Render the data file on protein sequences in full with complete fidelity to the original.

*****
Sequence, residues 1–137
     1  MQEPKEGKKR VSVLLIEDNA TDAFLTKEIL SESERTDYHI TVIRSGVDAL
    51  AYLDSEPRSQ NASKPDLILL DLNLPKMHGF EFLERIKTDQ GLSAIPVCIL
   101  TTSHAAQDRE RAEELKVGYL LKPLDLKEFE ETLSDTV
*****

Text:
Sequence, residues 1–137
     1  MQEPKEGKKR VSVLLIEDNA TDAFLTKEIL SESERTDYHI TVIRSGVDAL
    51  AYLDSEPRSQ NASKPDLILL DLNLPKMHGF EFLERIKTDQ GLSAIPVCIL
   101  TTSHAAQDRE RAEELKVGYL LKPLDLKEFE ETLSDTV